Spinal Muscular Atrophy: Awareness and Attitudes

Spinal Muscular Atrophy: Awareness and Attitudes

There is a paucity of information on awareness of and attitudes towards spinal muscular atrophy (SMA) and medical approaches to the disease.1,2 However, research into what is known about SMA has revealed that the public is largely unfamiliar with SMA, and even physicians and other healthcare providers have a limited understanding of it. Carrier and newborn screening, however, appear to be met with favorable reactions. Nonetheless, amongst the medical community, there is some disagreement about the extent to which carrier screening for SMA should be offered.

Clinician Attitudes Toward SMA Screening

Obstetricians appear to generally support carrier screening but to offer it rarely, suggesting a mismatch between clinician attitudes and actions.3  In 2009, the American College of Obstetrics and Gynecology (ACOG) recommended that carrier screening only be offered to those who have a family history of SMA or who specifically request the screening.4 The previous year, however, the American College of Medical Genetics (ACMG) had suggested that everyone should be offered carrier screening during pregnancy or prior to conception. The disagreement on universally offering SMA carrier screening by ACOG derived from a concern about a lack of data on patient preferences, cost effectiveness, counseling, and best practices.

Parental Attitudes Toward SMA Screening

Studies have shown that the majority of those who undergo genetic carrier screening, as well as sperm donors and recipients, are unaware of SMA.2,5 When provided with positive carrier status information, some recipients are appreciative, while others are frustrated that the screening had not been a part of the standard screening process. Nonetheless, most of those who choose to be screened report being happy with their decision.2 

Those who have declined carrier screening have cited a variety of reasons for their decision, including that a positive result would cause undue stress, that it would not affect their management of their pregnancy, that they did not want to know their carrier status, and that they did not have high anxiety about SMA. In the case of newborns, however, the vast majority of both parents of diagnosed children and expectant parents of unaffected children – over 92% – supported screening.6

Awareness and Attitudes: Looking Forward

There is some concern within the medical community that lack of knowledge about SMA amongst primary care physicians and obstetricians can delay prenatal diagnosis and lead to suboptimal care.1,7,8 Indeed, not only is there evidence of inadequate awareness of SMA amongst medical students and physicians, but there is also a discrepancy in how clinicians and caregivers rate quality of life for those with SMA, with caregivers generally believing quality of life to be better than do clinicians.8,9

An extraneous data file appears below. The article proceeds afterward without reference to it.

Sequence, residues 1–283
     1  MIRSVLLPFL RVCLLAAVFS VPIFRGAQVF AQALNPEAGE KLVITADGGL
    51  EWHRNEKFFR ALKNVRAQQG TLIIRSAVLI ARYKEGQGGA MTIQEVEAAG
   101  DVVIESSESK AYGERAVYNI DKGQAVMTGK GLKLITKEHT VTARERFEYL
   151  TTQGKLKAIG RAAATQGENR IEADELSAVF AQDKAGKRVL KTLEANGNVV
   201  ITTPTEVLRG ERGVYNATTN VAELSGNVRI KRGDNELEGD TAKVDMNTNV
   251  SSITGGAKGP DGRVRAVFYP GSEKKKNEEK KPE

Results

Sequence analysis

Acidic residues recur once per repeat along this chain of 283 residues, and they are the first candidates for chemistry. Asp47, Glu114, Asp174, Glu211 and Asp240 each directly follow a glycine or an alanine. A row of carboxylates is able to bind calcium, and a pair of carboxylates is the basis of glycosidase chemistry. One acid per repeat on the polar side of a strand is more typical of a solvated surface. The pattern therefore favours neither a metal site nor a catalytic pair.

Given that SMA screening is likely to become more common and that SMA patients require interdisciplinary teams of care providers, experts suggest that more research is needed to identify knowledge gaps and ensure that clinicians are armed with the education and tools they need to best help SMA patients and their families from the point of a positive carrier result through the management of the disease across patients’ lifespans.1,2,10 

References

1. Moultrie RR, Kish-Doto J, Peay H, Lewis MA. A Review on Spinal Muscular Atrophy: Awareness, Knowledge, and Attitudes. J Genet Couns. 2016;25(5):892-900. doi:10.1007/s10897-016-9955-8

2. Prior TW, Snyder PJ, Rink BD, et al. Newborn and carrier screening for spinal muscular atrophy. Am J Med Genet A. 2010;152A(7):1608-1616. doi:10.1002/ajmg.a.33474

3. Stark Z, Massie J, McClaren B, et al. Current practice and attitudes of Australian obstetricians toward population-based carrier screening for inherited conditions. Twin Res Hum Genet. 2013;16(2):601-607. doi:10.1017/thg.2012.152

4. Gitlin JM, Fischbeck K, Crawford TO, et al. Carrier testing for spinal muscular atrophy. Genet Med. 2010;12(10):621-622. doi:10.1097/GIM.0b013e3181ef6079

5. Callum P, Iger J, Ray M, Sims CA, Falk RE. Outcome and experience of implementing spinal muscular atrophy carrier screening  on sperm donors. Fertil Steril. 2010;94(5):1912-1914. doi:10.1016/j.fertnstert.2009.12.071

6. Wood MF, Hughes SC, Hache LP, et al. Parental attitudes toward newborn screening for Duchenne/Becker muscular dystrophy and spinal muscular atrophy. Muscle Nerve. 2014;49(6):822-828. doi:10.1002/mus.24100

7. Kesari A, Rennert H, Leonard DGB, Phadke SR, Mittal B. Prenatal diagnosis of spinal muscular atrophy: Indian scenario. Prenat Diagn. 2005;25(8):641-644. doi:10.1002/pd.1212

8. Bach JR, Vega J, Majors J, Friedman A. Spinal muscular atrophy type 1 quality of life. Am J Phys Med Rehabil. 2003;82(2):137-142. doi:10.1097/01.PHM.0000046622.57204.05

9. de Silva D, Jayasekera KM, Rubasinghe NK, de Silva DG. Attitudes towards genetic counselling and testing among medical students and newly qualified doctors. Ceylon Med J. 1997;42(3):129-132.

10. Phan HC, Taylor JL, Hannon H, Howell R. Newborn screening for spinal muscular atrophy: Anticipating an imminent need. Semin Perinatol. 2015;39(3):217-229. doi:10.1053/j.semperi.2015.03.006